The Indiana State Department of Health reported 43 additional confirmed deaths over the weekend, bringing the state’s total to 2,121. The state announced more than 37,000 total confirmed cases, with more than 304,000 Hoosiers tested.
Hoosier schools can begin to reopen their doors starting July 1 after being closed for months because of COVID-19. The state released a new set of guidelines Friday for schools to consider as they bring people back to campuses.
The guidance recommends schools screen staff and students for COVID symptoms, and that people in schools wear masks. It says schools will likely need to provide masks to staff and students and follow social distancing rules. State Health Commissioner Kris Box says how schools follow the guidance is a local decision.
"Our superintendents, our principals, our teachers, in conjunction with their local health departments, are the individuals that really need to make this decision about their community and for their community," Box says.
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Following the guidelines' release, the Indiana State Teachers Association said in a statement that schools should not bear the financial burden of implementing the recommendations.
The Indiana Governor’s Workforce Cabinet, alongside state education and workforce agencies, announced a “Rapid Recovery For A Better Future” plan that adds millions of dollars to some existing education and job training programs. It’s meant to help workers come back from record unemployment levels due to COVID-19.
The recovery plan uses $50 million from the federal CARES Act to scale up and promote existing workforce programs. For instance, the Workforce Ready Grant available for workers to take community college classes in certain industries will be almost doubled. Grants for employers to provide on-the-job training will also be doubled. It also provides more ways for workers to connect with career counselors online and over the phone.
Nearly half of Indiana’s COVID-19 deaths have been in long-term care facilities. Twenty-three-year-old Aubrey Baker is a qualified medication aide at Wildwood Healthcare Center, a nursing facility in Indianapolis. Her mother, Lenore Williams, oversees the center. They spoke to reporter Lauren Bavis about how the virus has impacted their work, and how it hit close to home.
Lenore Williams: When COVID came, changes were coming every single day. You know, it would be one way on Monday and another way on Tuesday. We just kind of had to roll with the punches and get things set up so that we would be able to take care of the patients appropriately and try to minimize the effects of COVID.
Aubrey Baker: I've been working at Wildwood since I was 18 years old. I can be a certified nursing aide as well, which is where you care for the patients, clean them up, feed them, basically daily activities that they would need help with.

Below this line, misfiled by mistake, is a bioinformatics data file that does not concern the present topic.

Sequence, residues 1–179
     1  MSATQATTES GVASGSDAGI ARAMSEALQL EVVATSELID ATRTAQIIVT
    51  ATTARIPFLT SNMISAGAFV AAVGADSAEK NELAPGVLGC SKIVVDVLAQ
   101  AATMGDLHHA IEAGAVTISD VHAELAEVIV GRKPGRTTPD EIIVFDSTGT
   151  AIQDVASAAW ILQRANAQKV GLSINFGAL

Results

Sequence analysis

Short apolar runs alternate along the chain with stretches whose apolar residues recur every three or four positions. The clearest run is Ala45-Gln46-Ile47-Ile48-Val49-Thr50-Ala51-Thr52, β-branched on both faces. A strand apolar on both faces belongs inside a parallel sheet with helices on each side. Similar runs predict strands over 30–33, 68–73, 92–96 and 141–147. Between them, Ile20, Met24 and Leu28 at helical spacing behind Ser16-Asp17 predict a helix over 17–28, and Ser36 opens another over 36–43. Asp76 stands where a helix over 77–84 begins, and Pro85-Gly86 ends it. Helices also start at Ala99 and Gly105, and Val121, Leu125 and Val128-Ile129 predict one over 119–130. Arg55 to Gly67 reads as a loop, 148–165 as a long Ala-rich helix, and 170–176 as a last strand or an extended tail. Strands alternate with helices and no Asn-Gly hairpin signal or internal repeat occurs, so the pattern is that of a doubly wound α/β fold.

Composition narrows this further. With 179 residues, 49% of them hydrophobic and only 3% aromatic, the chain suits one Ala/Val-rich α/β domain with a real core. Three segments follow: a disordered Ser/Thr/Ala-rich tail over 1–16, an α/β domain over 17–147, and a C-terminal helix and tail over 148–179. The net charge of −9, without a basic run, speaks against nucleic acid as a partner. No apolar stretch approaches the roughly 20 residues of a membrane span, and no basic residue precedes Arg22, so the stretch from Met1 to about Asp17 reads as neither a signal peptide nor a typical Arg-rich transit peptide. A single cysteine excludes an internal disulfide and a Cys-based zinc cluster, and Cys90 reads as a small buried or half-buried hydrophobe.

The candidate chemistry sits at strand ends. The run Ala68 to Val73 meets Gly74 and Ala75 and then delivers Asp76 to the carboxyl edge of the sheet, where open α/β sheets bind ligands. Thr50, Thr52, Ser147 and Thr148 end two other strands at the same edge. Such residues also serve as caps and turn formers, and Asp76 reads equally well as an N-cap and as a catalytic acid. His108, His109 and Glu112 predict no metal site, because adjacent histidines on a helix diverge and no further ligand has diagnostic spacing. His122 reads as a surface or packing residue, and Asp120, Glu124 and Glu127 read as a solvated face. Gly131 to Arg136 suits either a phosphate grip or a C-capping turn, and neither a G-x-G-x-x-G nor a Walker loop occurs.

Williams: One of our patients had signs [of COVID-19]. And I knew that Aubrey had worked with the patient, but so had some other staff members as well. And then she had told me that her body was hurting.
Baker: At one point I was popping popcorn for a resident, and I had actually burnt it because I just stopped smelling. Like, my sense of smell went away out of nowhere. And I came out with the popcorn and I was taking it down the hall and they were like, ‘Aubrey, where are you going with that?’ I'm like, 'I'm going to take this to the lady, what do you mean?' And they're like, ‘That's burnt.’ And I'm like, 'No it's not.' And I opened the bag and it was just all black kernels.
State revenue numbers were about $220 million below projections, or about 20 percent. Year-to-date revenue collections are almost $1 billion less than budgeted for.
June is expected to be the second highest revenue month behind April at $2 billion. Indiana Office of Management and Budget Director Cris Johnston says the state may benefit from corporate and individual tax deadlines due July 15.
The 2020 Indiana State Fair has been canceled due to COVID-19 concerns.
The State Fair Commission and Board announced Thursday it will instead offer a 4-H livestock show in August and September as a kind of replacement.
The fair, in Indianapolis, draws around 900,000 people annually.
Even without a global pandemic, dentistry is inherently riskier than many other medical professions.
That’s because dentists and hygienists spend a lot of time inches away from wide-open mouths, conducting procedures known to generate aerosols — tiny droplets that can linger in the air and carry viruses.
So when dental hygienist Jeanne Bosecker started back at work in mid-May, she says it felt a little soon to be reopening for routine dental care.
But once she learned about the infection control precautions her office in the northwest Chicago suburbs was taking, she felt more comfortable.
The large office space allows Bosecker and co-workers to spread out, which she feels minimizes the COVID-19 risks to her and her patients. She is also taking steps to reduce aerosols — scraping teeth by hand, instead of using the ultrasonic machines that spray air and water.
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